Published on Tuesday, March 10th, 2009

We got a break on Sunday.  A rabbit hiding under a small cedar atop the ridge at our usual hunting field did not.

The wind finally laid a bit and we got out for a while at mid-afternoon.  I really didn’t expect much, birds are scarce now and in this spot, the rabbits are very wise to the ways of all the local predators.

These aren’t your soft, plump city bunnies, full of fat and comfortable from feasting on ornamentals, wary only to the occasional dog or great horned owl.  The rabbits here, when they come out at all during the day, are on full alert.  In this field alone there are bobcats, coyotes, foxes, dogs, great horneds, red-tails, harrier hawks, American kestrels, and a couple of Harris’ hawks that cruise the acres shark-like, taking anything and every thing they can.

Animals lower in the food chain do not move very far from safety.    The stakes are high.  What looks like an empty, unused field needing industry to claim part or all of it, is full of life and death at each moment.

The new owners of the adjacent property cleared all cedars, grass, and underbrush, making the land look like a park.  They brought in cattle and big bales of hay to complete the scene.  I’m a poacher there now.  Nothing to worry about, though, I don’t hunt patented steak.

At first it bothered me.  These fields had gone fallow and all the native grasses and other forbes were returning.  Aside from the invasive cedars, we beginning to see a little of what this area may have looked like before it was over-farmed.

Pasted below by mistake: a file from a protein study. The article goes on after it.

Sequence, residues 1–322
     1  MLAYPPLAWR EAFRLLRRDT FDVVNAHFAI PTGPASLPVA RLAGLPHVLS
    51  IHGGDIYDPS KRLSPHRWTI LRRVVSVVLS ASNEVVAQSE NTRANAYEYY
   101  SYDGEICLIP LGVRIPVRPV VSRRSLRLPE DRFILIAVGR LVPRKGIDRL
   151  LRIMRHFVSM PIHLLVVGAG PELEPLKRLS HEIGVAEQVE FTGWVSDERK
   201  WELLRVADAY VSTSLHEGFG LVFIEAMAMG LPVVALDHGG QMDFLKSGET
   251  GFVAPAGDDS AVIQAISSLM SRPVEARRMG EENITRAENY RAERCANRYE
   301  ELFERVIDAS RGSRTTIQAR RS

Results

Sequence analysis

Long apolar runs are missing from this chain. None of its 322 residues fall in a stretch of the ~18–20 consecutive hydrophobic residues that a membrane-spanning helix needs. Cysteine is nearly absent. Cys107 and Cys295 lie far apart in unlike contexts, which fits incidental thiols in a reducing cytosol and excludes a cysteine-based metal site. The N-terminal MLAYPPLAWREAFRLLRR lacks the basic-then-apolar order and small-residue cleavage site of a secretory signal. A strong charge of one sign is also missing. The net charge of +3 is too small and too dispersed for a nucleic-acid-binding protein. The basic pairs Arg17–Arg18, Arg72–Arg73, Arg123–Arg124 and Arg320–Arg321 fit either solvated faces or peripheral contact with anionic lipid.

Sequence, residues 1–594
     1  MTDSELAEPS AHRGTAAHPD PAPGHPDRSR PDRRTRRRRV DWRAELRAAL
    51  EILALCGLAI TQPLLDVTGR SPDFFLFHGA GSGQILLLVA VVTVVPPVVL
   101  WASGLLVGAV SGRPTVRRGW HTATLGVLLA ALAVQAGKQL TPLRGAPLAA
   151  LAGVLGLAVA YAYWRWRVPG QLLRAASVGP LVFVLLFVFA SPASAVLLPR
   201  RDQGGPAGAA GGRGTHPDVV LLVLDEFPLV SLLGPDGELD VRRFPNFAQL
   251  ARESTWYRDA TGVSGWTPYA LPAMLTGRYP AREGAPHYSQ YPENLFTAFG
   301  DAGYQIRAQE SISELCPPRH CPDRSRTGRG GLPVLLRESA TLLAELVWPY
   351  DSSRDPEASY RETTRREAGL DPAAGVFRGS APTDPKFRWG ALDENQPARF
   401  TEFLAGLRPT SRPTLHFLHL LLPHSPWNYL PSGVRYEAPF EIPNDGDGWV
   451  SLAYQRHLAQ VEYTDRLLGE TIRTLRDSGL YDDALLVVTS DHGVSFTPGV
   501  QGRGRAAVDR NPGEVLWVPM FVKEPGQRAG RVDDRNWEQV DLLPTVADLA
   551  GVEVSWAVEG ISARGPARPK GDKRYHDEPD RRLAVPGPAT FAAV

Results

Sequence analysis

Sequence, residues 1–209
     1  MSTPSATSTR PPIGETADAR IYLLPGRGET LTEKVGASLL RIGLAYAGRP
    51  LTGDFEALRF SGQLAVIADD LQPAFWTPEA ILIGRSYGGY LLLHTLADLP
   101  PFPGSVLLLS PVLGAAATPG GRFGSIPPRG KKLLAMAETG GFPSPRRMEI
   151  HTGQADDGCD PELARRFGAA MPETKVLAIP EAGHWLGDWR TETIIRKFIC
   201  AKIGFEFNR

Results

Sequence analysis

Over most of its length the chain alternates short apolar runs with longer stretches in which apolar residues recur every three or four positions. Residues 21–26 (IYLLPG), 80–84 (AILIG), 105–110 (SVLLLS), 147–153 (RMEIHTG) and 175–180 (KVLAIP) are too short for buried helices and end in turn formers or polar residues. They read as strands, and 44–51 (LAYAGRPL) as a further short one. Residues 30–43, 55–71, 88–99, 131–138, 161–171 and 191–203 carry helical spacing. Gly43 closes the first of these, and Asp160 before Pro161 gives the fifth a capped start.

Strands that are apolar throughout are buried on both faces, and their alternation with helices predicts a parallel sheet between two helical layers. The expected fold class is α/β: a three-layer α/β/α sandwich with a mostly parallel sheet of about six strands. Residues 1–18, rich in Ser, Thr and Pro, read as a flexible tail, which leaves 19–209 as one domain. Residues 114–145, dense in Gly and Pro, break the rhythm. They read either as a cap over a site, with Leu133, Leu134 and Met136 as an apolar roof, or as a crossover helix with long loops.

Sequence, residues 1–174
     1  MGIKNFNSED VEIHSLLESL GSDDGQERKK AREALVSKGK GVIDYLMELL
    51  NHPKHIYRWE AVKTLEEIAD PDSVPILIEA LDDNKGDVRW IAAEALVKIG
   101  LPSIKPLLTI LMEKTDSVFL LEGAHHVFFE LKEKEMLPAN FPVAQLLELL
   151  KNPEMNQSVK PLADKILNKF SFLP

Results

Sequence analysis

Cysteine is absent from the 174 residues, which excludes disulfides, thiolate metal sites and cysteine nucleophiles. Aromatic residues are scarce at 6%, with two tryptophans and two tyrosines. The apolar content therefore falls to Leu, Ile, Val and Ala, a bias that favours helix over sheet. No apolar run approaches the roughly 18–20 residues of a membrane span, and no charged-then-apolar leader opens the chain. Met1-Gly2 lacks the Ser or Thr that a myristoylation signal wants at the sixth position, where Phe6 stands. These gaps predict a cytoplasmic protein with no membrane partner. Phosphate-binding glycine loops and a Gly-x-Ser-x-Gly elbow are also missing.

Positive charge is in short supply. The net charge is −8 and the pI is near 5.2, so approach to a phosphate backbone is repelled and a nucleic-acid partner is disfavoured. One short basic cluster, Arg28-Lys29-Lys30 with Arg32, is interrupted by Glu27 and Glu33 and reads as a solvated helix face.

I was pissed that, once again, nature was losing to profit, switchgrass was  plowed under and replaced with Nature’s Better Bermuda®.

Then I realized that all the rabbit habitat on that side was gone and now the little critters only had my field to for retreat.

So, I got over it. Quickly.

Besides, in the long run, the picturesque cattle park will one day give way to a new high school, manufacturing buildings, or something else vitally important to what we do as people.  Nothing is going to completely escape our footprint as long as we’re here to find a spot to build something on.

In the meantime, I now have a field with rabbits.

And Smash is very agreeable to the current situation.

The cottontail I mentioned earlier planned his escape well.  He resolutely held his position under a cedar less than two feet tall as we did all the correct rabbit hunting things.  By all rights, a city bunny would have flushed well before he did.  He let us all stand still and talk.  He let us get close and stop next to him in sparse cover.  He made no move to give away his position.

After we all had passed, he bolted in the opposite direction from the hawk, giving himself at least a 10 yard head start.

What he did not realize is that Smash is at a point where he is strong and focused.  He is flying hard and fast with no intention of missing or letting go.  He is a Harris’ hawk at his peak.